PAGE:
Judges are not aware of the difficulty of drawing freehand a symmetrical design on the body and they are not aware of the knowledge needed to use the symbols to tell a story in the tattoo. So winning was recognition, not only for the quality of my work but also regarding the knowledge I have in my style.”

Tribal Tattoo
Tribal Tattoo
  • What do you like to do when you’re not tattooing? 

“I work a lot, so I don’t have much spare time. I take care, alone, of the appointment process for each client and it takes time. Otherwise, I like to escape in the nature, the ocean or the mountains, where I can relax. I also like to exercise to stay healthy and in shape. I love live music because I am also a bass player, but since I am living in LA I don’t play anymore in a band.”

Woman wearing a tattoo on her hip
  • What advice can you give to artists who are just starting out?

“I would say that is important to draw a lot, firstly, and try to define in early stages, an own style to specialize in. Also, I have noticed that many young tattoo artists lose their humility when they start to become successful. It is important to stay humble, respectful, and open-minded. Also, in my opinion, a tattoo artist will never stop learning. There are always new challenges to face and new techniques to learn.”

  • In the old days, tattooing used to be regarded like a sub-cultural activity, but now with all the social media apps, it seems to be more mainstream. What are your thoughts about that?

“We live with our time! Now the storefronts are on the Internet. We can reach people directly through social media to show our work. There are pros and cons: there is, indeed, more visibility, but it’s also easier for many tattoo artists to copy other’s work just by browsing on the web.”

Tribal Tattoo
Tribal Tattoo
  • What are your thoughts regarding tattoo trends like watercolor tattoos, embroidery tattoos etc.? We as tattoo aficionados, when we’re thinking about getting a new tattoo, should we follow the trends or should we stick to the established ones?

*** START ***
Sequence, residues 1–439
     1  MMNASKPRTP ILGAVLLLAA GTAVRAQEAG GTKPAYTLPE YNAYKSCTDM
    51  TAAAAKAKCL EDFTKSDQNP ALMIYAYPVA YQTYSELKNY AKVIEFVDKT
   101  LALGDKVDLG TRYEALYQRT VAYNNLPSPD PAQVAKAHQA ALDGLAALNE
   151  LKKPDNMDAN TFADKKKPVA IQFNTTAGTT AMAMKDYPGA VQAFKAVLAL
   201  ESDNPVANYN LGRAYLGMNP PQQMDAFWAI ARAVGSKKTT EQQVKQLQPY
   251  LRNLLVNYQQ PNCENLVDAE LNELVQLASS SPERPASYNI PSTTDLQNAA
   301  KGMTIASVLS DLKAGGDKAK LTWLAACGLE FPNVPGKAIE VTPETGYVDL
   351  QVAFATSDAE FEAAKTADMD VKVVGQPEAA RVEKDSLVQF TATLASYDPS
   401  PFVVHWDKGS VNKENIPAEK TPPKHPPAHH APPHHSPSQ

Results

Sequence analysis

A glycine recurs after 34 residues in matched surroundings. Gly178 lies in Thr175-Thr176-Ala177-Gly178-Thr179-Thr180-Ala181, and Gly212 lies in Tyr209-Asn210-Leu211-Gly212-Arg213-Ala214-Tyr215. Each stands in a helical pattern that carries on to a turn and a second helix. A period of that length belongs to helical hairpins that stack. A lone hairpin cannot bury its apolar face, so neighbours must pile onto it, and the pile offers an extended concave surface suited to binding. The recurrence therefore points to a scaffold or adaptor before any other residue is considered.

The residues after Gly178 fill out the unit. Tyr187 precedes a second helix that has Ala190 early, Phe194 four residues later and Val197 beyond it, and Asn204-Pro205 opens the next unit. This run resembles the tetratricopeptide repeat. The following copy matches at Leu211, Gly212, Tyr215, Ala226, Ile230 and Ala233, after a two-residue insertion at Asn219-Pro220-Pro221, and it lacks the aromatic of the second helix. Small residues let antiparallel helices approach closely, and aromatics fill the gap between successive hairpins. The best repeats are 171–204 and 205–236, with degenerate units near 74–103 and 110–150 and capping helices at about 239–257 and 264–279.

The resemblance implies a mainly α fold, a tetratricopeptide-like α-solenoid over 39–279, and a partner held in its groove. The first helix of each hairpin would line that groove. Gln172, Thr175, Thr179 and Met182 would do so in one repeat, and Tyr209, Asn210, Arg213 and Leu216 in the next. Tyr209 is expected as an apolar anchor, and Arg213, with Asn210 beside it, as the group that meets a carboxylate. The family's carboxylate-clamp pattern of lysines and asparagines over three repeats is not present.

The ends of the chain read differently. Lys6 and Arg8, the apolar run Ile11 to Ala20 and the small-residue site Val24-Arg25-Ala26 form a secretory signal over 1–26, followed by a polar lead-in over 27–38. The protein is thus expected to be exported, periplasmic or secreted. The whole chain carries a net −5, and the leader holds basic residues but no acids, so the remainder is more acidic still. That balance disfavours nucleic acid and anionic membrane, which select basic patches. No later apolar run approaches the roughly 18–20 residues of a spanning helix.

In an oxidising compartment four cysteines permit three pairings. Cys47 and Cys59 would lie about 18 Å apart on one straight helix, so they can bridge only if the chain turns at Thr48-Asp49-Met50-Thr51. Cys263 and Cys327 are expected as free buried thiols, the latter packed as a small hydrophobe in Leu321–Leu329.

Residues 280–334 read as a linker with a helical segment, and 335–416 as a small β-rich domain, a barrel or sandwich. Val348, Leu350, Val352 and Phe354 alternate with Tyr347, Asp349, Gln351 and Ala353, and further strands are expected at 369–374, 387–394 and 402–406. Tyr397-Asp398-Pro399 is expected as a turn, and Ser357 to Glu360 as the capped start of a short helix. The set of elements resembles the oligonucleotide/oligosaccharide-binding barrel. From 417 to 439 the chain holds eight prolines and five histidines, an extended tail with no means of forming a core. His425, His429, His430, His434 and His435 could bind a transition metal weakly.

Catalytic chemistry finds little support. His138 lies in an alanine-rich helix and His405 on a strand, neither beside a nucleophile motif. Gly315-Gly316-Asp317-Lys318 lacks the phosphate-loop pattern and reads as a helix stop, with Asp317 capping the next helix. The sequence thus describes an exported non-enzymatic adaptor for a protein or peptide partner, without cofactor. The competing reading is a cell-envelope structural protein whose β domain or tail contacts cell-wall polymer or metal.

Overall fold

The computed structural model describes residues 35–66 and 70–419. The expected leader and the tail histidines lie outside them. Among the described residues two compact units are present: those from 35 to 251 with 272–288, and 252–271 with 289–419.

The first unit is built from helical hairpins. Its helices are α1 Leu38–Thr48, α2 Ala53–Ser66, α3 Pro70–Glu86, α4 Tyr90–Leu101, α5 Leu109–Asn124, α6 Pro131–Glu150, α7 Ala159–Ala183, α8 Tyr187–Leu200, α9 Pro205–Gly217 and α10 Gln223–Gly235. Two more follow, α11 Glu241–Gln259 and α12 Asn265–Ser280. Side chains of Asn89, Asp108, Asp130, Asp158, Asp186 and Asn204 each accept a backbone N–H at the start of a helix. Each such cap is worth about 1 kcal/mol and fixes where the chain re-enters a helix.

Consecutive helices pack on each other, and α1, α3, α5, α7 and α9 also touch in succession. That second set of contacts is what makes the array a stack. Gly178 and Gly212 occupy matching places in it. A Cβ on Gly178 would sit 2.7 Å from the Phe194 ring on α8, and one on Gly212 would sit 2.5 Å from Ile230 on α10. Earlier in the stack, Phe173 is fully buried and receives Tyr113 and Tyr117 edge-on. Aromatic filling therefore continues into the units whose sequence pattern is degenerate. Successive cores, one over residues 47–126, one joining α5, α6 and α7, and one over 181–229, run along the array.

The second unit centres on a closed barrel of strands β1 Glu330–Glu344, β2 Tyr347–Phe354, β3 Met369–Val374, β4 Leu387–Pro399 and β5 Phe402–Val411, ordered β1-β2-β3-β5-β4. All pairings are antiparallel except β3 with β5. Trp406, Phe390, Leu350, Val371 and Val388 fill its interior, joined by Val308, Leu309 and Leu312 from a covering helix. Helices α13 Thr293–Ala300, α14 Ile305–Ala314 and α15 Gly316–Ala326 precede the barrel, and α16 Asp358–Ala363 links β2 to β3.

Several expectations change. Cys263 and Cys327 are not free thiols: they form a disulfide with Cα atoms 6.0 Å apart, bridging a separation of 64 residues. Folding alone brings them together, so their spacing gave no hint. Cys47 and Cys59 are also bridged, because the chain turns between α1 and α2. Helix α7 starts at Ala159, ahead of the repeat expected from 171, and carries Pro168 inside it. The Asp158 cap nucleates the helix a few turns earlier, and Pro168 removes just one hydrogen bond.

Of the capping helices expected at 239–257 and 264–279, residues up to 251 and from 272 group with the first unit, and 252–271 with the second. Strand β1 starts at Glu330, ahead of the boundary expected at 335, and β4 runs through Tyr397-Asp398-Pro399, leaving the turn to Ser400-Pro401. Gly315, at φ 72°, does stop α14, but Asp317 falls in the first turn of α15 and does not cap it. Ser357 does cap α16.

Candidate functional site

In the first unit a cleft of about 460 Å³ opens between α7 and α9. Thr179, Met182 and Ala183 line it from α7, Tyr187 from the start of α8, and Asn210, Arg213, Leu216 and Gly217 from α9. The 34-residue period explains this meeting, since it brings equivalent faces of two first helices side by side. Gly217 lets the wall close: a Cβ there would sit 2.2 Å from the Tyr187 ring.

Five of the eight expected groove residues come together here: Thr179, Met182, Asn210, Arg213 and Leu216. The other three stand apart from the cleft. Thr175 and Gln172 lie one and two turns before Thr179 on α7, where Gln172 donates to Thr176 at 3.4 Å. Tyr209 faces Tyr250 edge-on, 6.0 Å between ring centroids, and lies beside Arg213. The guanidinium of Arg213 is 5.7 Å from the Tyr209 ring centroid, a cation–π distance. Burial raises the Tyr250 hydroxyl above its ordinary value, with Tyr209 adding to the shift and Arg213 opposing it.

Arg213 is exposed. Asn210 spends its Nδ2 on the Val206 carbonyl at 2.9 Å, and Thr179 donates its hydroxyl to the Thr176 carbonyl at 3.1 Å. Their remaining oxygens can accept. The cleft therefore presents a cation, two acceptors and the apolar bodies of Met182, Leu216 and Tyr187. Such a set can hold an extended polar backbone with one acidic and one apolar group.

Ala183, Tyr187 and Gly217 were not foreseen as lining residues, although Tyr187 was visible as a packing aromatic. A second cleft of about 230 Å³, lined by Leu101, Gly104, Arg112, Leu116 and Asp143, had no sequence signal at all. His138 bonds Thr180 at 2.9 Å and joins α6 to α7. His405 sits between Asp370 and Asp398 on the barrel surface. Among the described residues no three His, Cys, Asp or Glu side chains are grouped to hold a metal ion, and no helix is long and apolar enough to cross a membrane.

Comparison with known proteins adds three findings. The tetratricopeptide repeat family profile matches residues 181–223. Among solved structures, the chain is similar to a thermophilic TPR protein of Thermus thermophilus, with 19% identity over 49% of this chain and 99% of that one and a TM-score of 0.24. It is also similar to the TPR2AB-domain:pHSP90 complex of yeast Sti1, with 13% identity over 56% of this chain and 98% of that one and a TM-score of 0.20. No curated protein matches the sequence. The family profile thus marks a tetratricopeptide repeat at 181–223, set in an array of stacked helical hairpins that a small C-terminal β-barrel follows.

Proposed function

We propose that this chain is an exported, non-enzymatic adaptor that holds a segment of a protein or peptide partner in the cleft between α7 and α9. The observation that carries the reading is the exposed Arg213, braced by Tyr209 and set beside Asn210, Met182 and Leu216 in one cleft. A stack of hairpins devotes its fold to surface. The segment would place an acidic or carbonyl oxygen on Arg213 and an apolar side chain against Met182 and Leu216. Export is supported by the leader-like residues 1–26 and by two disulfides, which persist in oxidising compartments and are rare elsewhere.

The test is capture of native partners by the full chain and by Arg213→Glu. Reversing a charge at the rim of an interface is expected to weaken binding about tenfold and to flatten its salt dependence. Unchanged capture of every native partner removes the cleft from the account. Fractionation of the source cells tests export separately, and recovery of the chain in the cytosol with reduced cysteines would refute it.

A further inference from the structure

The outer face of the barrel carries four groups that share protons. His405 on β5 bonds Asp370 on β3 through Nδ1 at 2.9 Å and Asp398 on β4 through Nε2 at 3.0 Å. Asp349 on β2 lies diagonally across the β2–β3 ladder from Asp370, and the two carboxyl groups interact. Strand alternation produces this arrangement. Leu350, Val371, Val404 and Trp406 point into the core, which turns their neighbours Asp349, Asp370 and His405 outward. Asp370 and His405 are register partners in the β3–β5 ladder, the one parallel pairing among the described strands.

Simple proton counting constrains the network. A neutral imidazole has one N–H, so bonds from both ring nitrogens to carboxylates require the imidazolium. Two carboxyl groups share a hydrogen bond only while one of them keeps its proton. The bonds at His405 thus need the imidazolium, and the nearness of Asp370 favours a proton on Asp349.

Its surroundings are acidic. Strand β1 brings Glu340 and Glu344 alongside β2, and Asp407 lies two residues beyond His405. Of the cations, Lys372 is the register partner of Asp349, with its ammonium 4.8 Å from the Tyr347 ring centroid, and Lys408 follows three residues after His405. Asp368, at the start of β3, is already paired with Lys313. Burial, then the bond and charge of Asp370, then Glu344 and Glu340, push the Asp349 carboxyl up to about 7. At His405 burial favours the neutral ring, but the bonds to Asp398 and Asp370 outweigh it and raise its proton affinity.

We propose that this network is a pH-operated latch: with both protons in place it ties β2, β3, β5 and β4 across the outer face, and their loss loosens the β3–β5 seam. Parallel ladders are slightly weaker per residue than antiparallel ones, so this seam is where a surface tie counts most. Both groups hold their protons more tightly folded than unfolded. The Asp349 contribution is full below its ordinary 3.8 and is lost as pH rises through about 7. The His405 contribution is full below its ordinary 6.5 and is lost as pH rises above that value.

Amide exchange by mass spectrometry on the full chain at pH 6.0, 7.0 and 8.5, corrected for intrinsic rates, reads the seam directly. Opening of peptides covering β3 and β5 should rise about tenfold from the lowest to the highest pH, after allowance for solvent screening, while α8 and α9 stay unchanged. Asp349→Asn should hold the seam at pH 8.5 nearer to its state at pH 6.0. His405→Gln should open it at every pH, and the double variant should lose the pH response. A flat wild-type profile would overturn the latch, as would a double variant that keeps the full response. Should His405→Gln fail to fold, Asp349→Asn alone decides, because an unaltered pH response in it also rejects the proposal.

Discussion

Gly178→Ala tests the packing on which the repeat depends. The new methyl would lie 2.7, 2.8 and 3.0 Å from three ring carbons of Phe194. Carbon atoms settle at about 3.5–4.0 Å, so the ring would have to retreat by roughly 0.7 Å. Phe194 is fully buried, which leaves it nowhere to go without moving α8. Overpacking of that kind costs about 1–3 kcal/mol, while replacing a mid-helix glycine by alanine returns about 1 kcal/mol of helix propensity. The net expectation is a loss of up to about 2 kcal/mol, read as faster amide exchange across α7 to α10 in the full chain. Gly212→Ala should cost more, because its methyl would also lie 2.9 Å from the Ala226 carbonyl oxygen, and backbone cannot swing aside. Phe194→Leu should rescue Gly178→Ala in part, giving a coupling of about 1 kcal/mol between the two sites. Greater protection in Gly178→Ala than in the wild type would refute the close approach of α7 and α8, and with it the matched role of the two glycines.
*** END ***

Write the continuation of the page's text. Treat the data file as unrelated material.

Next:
“A trend is a trend, but trends don’t last. I think it’s sad to get “the same” tattoo as a celebrity or anyone has; it makes no sense. Every person getting a tattoo should ask his artist to create something unique that no one else in the world has because we are all unique.”

Man wearing a tattoo on his shoulder
Woman wearing a tattoo on her forearm
  • A few tips on tattoo aftercare?

“Always listen to your tattoo artist’s instructions and use common sense regarding the hygiene.

Also, they are a few natural healing ointments without chemicals that would be better to use instead of the chemically formulated ones. I am currently working on a 100% natural and organic formula based on the traditional Polynesian healing plant extracts. It should be ready to launch on the market next year.”

Woman wearing a tattoo on her ribs
Tribal Tattoo
  • Talking about the tattoo industry, what would you like to see done differently in the future compared to now?

“To be honest, it would be great to have a better appreciation and more respect for the Polynesian tattoos.

I do educate people about it and its history and symbols because most of the people don’t know anything about it and just see an ornamental or “tribal” style.

It has cultural roots and it is very deep in human tattoo history. I don’t like when people categorize Polynesian as a “tribal tattoo” because it means nothing. Polynesian style is an ethnic traditional and cultural tattoo form. It is for sure evolving since its revival and it is more and more modernized but its essence remains ethnic and cultural, not “tribal”.

Also, I have noticed more and more politics in the tattoo convention competitions now. Sometimes, winning tattoos compared to others in the same competition shouldn’t have won in my opinion. What are the reasons? I don’t really know. 

Maybe the artist is a good friend of the organizer or the sponsor, or he has hundreds of thousands of followers on social media which give him the status of an “influencer” who can potentially boost the following of the conventions and sponsors on their social media, then they give him the prize… Sometimes it is so very obvious! A fair contest has to be based on the work quality and the aesthetic only. But on side of that, it is always fun to compete!”

Tribal Tattoo
Man wearing a tattoo on his shoulder